The Super Bowl is technically all about football, but for the 99.9 percent of fans who aren't actually at the game, the Super Bowl is also all about… food. And sure, you can make an argument for wings inching their way toward becoming the reigning champs of Super Bowl party foods, but pizza really is the king.
The Super Bowl is the pizza joint version of Black Friday, the No. 1 day when pizzas are ordered, prepared and delivered (or picked up) in the span of just a few hours. So how do pizza shops prepare for and handle it?
In Amite, La., James Atkins, current Papa John’s franchisee and former offensive lineman for the Baltimore Ravens, says prepping for the biggest pizza day of the year isn’t that different from prepping for the big game.
“It’s a rush like none other. You prepare your staff like you would be preparing to go into the stadium and you coach them like you would coach a team,” he told TODAY.com. “I tell them, ‘Be excited, be energetic, don’t ever say you can’t do something.’ Can’t is a word I don’t let them use. Just like a football team, you put people into their positions and then you have to have good management.”
And the team will need to be ready for action. Atkins expects to sell close to 500 pizzas starting from about an hour before kickoff through the end of the game, more than twice what he’d sell all day on a typical Sunday.
“We have six phone lines and we’ll be taking orders on all of them. Instead of the six drivers normally working each night, I’ll have 15 or 16 and working in the store, we’ll have 13 or 14 people up from the normal 6 or 7. My wife works with me as the district manager, but even she’ll be back there in the kitchen during the Super Bowl, taking orders and cheesing pizzas.”
In New Orleans, Glenn Mueller, Domino’s largest franchisee in Louisiana with 100 stores, is preparing for the double whammy of being the site of the Super Bowl and Mardi Gras celebrations happening the following week.
“For Super Bowl Sunday, we usually have all hands on deck — it’s going to be one of our busiest days and with Mardi Gras coming up right after, it’s going to be big happenings back to back. Our downtown stores could have twice the normal business we would normally have for a Sunday. We have everybody report to work. Even I’ll make deliveries.”
According to Domino’s, on Super Bowl Sunday, drivers will cover 50 percent more miles than they would on a typical day, but in Mueller’s store in the quaint but congested downtown area, deliveries are done the old-fashioned way.
“Around New Orleans we have a few logistical challenges with gridlock,” he said. "We have a store within a block of Canal Street and Bourbon Street and that store will deliver by bicycle or by foot. It’s the only store outside of New York City that does bicycle deliveries.”
Domino's sells 1.4 million pies around the country on Super Bowl Sunday, about 80 percent more than on a typical Sunday, according to the company's vice president of infrastructure, Lance Shinabarger. And more than 30 percent of those orders are done online, so the IT team needs to be up to snuff.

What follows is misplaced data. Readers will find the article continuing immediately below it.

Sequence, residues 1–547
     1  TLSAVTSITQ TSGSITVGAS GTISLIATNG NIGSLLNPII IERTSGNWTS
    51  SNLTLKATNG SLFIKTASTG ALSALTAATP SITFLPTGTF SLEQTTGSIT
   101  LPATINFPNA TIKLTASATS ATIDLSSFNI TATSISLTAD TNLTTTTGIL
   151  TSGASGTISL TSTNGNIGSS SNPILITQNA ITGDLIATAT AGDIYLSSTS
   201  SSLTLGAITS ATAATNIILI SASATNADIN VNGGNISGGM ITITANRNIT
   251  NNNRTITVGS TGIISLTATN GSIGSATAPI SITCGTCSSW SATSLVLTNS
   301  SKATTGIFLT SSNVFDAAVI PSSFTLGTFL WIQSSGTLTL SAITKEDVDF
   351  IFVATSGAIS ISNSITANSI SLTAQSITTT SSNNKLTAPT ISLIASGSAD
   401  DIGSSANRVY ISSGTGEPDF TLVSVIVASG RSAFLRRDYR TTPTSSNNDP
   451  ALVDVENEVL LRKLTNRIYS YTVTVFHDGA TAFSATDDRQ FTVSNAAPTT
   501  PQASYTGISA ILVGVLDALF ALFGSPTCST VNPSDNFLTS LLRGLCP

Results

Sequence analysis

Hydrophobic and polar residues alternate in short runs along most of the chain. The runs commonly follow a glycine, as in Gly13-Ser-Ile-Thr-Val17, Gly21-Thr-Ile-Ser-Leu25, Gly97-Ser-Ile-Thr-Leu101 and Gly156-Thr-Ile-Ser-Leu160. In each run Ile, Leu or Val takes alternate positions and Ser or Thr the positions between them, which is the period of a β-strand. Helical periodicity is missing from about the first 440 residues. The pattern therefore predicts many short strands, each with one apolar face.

"Every year we go through and do extreme load testing," he told Nation's Restaurant News in 2012. "We set up a bunch of synthetic transactions that basically emulates a human placing an order on our system. Because the process is automated, it gives us the ability to ramp up the number of orders to the point where it would be greater than what we’d expect to see during the Super Bowl."
While it might be the biggest sales day of the year for the big chains like Papa John’s and Domino’s, what about the mom-and-pops?
At Ian’s Pizza in Madison, Wis. — where mac n’ cheese pizza and smoky barbecue chicken bacon cheddar with homemade ranch are the two biggest sellers — managing partner Nick Martin says that the biggest challenge is the unpredictability.
“The Super Bowl three years ago was our biggest delivery day, but two years ago, when the Packers were in it, it we saw far less. We’ve had owners delivering pizza on certain years when they didn’t know how crazy it was going to be. We’ve called drivers in at the last minute. We’ve definitely had some crazy production days, but it’s unpredictable from year to year. It is one of the bigger delivery days of the year for us, but it’s not the biggest sales day of the year. Our eat-in business is really dead during the game and that affects sales.”
At Home Slice in Austin, Texas, which runs a brisk take-out business, manager Jeffrey Settler agrees that it’s a tough day to pin down.
“It’s actually a lower sales day for us because all of the business is done in a three-hour period and by 7:30 or 8, the phones have stopped ringing. We might have five phone lines going during the game, but no one’s eating in the restaurant.”
Settler runs his pizza operation with military precision, using a system he created.
“The trick is being able to do a concentrated amount of business in just a few hours. I view it as something mathematical,” he said.
He’s calculated they can put out 16 pies every 10 minutes and has time slots allotted to each oven, sort of like the way restaurants reserve tables, enabling him to keep control over the chaos.
“I’ve had success making things calm and mellow,” he said. Even on the craziest day of the year, he says, “My job is to make sure crazy doesn’t happen."